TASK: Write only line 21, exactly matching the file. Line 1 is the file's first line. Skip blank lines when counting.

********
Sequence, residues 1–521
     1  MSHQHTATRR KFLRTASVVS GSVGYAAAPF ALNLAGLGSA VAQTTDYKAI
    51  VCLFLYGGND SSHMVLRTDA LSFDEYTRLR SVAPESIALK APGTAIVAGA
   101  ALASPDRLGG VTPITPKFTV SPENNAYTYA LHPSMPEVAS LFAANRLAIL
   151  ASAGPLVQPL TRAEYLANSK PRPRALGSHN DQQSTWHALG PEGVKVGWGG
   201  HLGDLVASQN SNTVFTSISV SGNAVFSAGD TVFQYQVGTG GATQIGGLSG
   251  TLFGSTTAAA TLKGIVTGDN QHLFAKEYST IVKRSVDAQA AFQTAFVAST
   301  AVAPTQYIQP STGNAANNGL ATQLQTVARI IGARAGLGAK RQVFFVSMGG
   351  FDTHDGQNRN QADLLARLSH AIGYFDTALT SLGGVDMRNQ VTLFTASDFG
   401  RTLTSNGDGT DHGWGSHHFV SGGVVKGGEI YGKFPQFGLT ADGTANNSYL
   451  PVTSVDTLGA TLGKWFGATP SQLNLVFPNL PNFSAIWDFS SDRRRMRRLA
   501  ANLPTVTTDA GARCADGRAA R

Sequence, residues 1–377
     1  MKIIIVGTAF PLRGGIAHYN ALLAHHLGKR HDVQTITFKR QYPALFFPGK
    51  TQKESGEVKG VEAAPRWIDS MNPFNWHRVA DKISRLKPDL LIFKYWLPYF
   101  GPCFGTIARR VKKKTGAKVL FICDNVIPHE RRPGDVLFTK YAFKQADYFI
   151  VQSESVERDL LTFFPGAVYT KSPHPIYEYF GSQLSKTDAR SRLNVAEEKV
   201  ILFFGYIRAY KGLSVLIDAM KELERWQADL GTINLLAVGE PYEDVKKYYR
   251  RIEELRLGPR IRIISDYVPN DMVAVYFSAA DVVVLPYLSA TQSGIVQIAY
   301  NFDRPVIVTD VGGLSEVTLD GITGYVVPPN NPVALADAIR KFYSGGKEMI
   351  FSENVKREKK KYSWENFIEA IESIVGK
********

   351  FSENVKREKK KYSWENFIEA IESIVGK